The original 'Planet of the Apes' is better than the 2001 remake on almost
every level. May be Tim Burton's version looks better, no wonder with Burton
as the director, but the direction itself, the cinematography, the story and
the performances in Franklin J. Schaffner's original are much better and
Heston is Taylor, who crashes with his spaceship on what seems to be a deserted planet. He and two other survivors start searching for life. They run into other human beings, and at that time they are all attacked by apes. The apes speak English, the human beings are mute. In this society a human being is what apes are in our society. Animals, nothing more. The humans are taken for research, Taylor as well, and since he is shot in the neck he is not able to talk at first. One of his fellow survivors is dead, what happened to the other is unsure. A female ape who is a scientist discovers that Taylor understands her, and even thinks he can talk. Of course this is not what the high people in this society want to hear.
The movie has some very interesting elements. Worlds are upside down, as Taylor says, and in a way the movie puts a mirror in front of us. The human beings are humiliated in exactly the way we treat animals. What would we do if another mammal suddenly knew how to speak our language? We would probably react the same as the apes do in this movie and therefore it is even more interesting.
In liked the movie very much, and some very nice moments in particular. Early in the movie Taylor gets a woman in his cage. He calls her Nova (Linda Harrison). We know what the apes want, and it is funny because it is exactly how we do this kind of stuff to our animals. The apes are even surprised when Taylor wants to keep his woman, and therefore seems monogamous.
With some nice touches, a great and famous ending, some quotes that will sound very familiar, Charlton Heston as a pretty good leading man, a score from Jerry Goldsmith that is perfect for a movie like this, nice direction and a fine cinematography by Leon Shamroy this movie is a very good classic.
Absolutely incredible. Easily in my top 10 all time, and that's saying
something. This movie kept me captivated from the beginning all the way to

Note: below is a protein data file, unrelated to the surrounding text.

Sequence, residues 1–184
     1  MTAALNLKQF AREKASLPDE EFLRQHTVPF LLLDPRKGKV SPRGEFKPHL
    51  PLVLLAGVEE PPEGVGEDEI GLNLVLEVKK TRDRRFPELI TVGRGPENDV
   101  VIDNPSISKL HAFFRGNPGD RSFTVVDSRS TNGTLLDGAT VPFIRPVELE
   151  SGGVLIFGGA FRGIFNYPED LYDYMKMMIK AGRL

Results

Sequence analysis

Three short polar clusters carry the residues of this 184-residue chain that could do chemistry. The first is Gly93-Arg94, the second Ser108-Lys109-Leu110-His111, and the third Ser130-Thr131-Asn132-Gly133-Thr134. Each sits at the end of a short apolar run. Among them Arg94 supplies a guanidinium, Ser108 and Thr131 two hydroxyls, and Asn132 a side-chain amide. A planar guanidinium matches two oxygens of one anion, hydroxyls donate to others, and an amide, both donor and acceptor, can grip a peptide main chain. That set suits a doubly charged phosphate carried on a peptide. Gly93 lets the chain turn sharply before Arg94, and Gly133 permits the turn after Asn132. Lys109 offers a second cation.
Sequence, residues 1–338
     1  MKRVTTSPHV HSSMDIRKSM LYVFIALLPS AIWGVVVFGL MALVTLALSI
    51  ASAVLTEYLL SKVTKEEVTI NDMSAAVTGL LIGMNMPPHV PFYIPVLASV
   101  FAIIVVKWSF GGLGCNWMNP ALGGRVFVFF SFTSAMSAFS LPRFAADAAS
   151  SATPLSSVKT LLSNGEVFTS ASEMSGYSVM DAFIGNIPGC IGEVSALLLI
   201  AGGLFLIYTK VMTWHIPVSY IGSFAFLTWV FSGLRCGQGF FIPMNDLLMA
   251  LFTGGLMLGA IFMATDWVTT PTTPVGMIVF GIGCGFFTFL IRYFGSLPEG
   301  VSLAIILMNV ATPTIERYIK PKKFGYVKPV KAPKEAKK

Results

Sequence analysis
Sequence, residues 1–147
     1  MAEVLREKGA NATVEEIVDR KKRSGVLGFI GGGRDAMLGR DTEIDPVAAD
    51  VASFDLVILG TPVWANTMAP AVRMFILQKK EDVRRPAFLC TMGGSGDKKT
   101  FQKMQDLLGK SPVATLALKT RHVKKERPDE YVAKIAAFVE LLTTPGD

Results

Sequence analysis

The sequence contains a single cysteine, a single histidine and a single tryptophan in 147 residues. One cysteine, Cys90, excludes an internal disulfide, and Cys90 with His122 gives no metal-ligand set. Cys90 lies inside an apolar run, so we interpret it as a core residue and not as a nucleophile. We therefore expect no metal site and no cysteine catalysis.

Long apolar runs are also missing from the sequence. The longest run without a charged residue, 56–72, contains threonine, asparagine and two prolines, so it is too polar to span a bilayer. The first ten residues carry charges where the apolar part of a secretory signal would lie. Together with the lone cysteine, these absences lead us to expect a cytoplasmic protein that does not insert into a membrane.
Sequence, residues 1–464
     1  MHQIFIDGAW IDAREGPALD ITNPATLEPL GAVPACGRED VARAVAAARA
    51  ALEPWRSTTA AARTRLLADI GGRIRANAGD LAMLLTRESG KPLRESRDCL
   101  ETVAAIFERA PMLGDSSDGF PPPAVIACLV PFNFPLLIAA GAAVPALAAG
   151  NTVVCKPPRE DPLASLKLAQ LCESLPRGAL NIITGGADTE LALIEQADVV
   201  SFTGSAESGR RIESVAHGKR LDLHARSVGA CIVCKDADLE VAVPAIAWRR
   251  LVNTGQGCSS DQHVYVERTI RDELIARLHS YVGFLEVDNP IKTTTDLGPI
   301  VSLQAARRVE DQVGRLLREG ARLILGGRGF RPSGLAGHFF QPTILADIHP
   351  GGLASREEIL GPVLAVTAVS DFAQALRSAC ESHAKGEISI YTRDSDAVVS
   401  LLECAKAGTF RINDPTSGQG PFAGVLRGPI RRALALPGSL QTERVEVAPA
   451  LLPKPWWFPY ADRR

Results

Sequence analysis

the end. It combined a super setting and effects (at least for '68) and the
casting was perfect. This movie included, in my opinion, one of the most
memorable line in film history, "get your damn paws of me, you stinkin'
apes!". Not to ruin it for anyone, the ending is also one of the best in
film history. This easily won my award for most entertaining and original
story ever, because it captivated the imagination, especially considering
the fact that it could actually happen (it's a stretch, but...) This is a
rather short response, but I could just go on and on saying how great it
was, but it would only be redundant. Overall, this movie was absolutely
9.5\10 stars (I'm a tough reviewer)
It's especially interesting that "Planet of the Apes" was released a
few months before "2001: A Space Odyssey", as they both look at the
same question: what will become of humanity (and how did we originate)?
Obviously, the really famous line is Charlton Heston's snap at his
captors, and the really famous scene is the end - which I won't tell
here for fear of spoiling the whole movie. And what an impressive movie
it is! Unfortunately, I can't say the same for Tim Burton's remake.
"POTA" should never have been remade. So, for a cinematic treat, stick
to this one and avoid the remake.
One more thing is that some people have pointed out that the portrayals of the simians were kinda racist. The blond, cultured orangutans are the nobles; the dark-haired, mildly nervous chimpanzees are the scientists; and the dark-skinned, incompetent gorillas are the police. Oh well. It's still a good movie.
In recent years sci-fi have been filled with flashing lights,
high-budget CGI effects and ridiculous stunts like in THE MATRIX and I,
ROBOT. If you don't like one sci-fi film you're unlikely to like any as
they're all the same. However, my dad took down PLANET OF THE APES from
our video shelf. Unlike most sci-fi films it was made in a time that
had to deal without CGI and relied completely on the break through
movie make-up as well as providing what people have voted time and time
again "The Greatest Film Ending". PLANET OF THE APES has a memorable
cast, simple plot and it keeps your attention even as the credits are
rolling at the end. Based on Pierre Boulle's lesser novel (La Planète
des singes AKA Monkey Planet) tells of an astronaut landing on a
distant planet and discovering that man's role as the superior life